Banging out an HR Policy - When Faster isn't Better

I can write an HR Policy in a couple of hours, but it doesn’t always mean that I should.  For an effective HR policy to be meaningful, sustainable and rooted in the best practices of your business, there are other factors worth taking the time to think about.

What legislation applies to the HR policy?

HR policy is meant to protect the interests of a business without infringing on the legislative rights of the employee.  Legislation that should be considered when writing HR policy includes employment standards, human rights, employment equity, privacy, occupational health and safety, and in some businesses a collective agreement.  HR Policies need to be compliant with legislative minimums.  If they don’t there is risk of a legal claim.

What external factors do we need to consider?

As a business you are only obligated to ensure that you are providing and following the minimum standards of legislation.  However, the economic climate, job market, technology, changes in legislation, industry trends, and what the competition is doing can affect your HR Policy. 

For example:  If your business offers the legislated minimum amount of vacation for new employees but the competition offers more this could be a barrier to attracting and retaining employees.

What is your current practice?

Creating HR policy about a process that is already in place may seem easy, but when putting it in writing it raises a lot of questions.  Maybe those questions were the one’s nobody knew the answer to, or were afraid to ask.  A written policy helps with the consistency of the process and ensures what everyone is saying is actually what everyone is doing. 

For example:  If your business expects employees to leave all communication devices out of the room during meetings, the best practice needs to be discussed with all employees and then reinforced in a written policy.  The discussion is also the opportunity for all to express concerns, present scenarios, and devise solutions so that everyone is on the same page in regards to the practice.

What are your businesses core values?

Core values are the guidelines for your business or “how things are done around here”.   If your business believes integrity is a core value – what does that look like when writing an HR policy?  It could be writing policies in fair and non-judgemental language.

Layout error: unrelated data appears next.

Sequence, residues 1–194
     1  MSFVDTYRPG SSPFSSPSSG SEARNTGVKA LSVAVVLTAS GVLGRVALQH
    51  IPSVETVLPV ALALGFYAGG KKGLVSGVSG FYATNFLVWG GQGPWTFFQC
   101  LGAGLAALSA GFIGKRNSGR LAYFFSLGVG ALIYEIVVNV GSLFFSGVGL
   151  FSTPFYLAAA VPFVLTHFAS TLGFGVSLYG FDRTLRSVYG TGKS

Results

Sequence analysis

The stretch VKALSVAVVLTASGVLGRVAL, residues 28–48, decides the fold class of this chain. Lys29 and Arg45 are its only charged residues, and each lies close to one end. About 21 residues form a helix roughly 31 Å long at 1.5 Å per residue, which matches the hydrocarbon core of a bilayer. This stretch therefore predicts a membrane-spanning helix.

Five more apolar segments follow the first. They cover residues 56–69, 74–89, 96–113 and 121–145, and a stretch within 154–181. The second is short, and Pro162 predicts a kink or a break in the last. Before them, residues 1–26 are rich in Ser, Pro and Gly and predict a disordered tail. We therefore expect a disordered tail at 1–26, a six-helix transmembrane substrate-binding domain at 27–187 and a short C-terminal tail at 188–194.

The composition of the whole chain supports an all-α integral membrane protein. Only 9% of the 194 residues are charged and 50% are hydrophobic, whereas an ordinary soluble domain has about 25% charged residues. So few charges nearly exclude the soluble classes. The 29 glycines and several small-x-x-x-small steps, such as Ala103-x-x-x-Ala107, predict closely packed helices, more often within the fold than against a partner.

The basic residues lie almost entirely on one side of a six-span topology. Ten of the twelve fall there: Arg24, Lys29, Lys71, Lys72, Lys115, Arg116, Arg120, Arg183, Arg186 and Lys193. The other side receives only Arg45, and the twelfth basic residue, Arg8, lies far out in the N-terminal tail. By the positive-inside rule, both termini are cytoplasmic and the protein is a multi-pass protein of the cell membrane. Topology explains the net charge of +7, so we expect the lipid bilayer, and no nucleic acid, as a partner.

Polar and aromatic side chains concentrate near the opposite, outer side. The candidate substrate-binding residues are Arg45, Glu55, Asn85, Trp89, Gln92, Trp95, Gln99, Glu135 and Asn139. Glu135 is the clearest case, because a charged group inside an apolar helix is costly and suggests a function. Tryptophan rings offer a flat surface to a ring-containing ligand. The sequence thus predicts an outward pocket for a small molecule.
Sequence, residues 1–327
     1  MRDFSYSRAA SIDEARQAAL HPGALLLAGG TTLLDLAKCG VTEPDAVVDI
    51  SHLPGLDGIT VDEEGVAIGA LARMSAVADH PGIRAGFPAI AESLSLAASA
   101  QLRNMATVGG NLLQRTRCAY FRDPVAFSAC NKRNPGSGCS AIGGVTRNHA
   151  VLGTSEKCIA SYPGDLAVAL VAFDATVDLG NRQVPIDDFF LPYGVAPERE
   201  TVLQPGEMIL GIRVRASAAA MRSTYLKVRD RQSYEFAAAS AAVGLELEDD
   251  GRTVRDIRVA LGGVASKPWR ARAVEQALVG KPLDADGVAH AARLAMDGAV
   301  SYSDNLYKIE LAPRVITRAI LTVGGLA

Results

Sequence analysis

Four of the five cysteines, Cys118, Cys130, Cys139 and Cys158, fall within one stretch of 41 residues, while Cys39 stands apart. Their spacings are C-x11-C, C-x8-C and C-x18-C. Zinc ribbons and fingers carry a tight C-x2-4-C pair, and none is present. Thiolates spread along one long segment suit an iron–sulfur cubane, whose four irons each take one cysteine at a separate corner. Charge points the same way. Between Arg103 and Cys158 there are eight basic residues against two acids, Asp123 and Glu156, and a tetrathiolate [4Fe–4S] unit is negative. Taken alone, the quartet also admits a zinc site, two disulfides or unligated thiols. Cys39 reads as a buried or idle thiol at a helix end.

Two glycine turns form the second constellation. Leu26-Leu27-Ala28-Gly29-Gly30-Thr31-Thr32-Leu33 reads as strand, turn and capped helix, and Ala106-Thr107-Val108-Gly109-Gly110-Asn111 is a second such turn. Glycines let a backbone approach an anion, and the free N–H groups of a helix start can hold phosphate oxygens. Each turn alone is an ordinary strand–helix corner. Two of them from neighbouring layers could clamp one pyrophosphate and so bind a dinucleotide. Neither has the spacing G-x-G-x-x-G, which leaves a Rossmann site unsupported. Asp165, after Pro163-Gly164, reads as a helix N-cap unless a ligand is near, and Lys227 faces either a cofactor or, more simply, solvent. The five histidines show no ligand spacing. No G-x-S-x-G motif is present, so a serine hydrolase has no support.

What are the expectations of the employer and employee?

How many times have you heard someone say “I didn’t know I had to do that?” or “I thought so-and-so was doing that?” Communicating the process helps everyone understand how a policy will be implemented and who will be accountable.     

Who else will be responsible for the success of this policy?

When writing an HR policy, it is important to have all hands on deck.  The policy should be reviewed by the managers and supervisors who will be implementing it, and approved by the senior executive.  Involving these positions in the process will help support the policy when implemented. 

The next time you need to create and implement an HR policy, instead of just banging it out, I hope you can use the information in this blog post to:

  • Move HR policies from stale and forgettable to alive and effective
  • Provide accountability
  • Help employees understand what will happen if…
  • Take the fear out of knowing what to do when…

Here’s How I Can Help

I have created a list of HR Policies you need for your business.  Click here to get the list.

If reading the list you are feeling a bit overwhelmed as to where to start, please contact me, as my first 30 minute consult is free.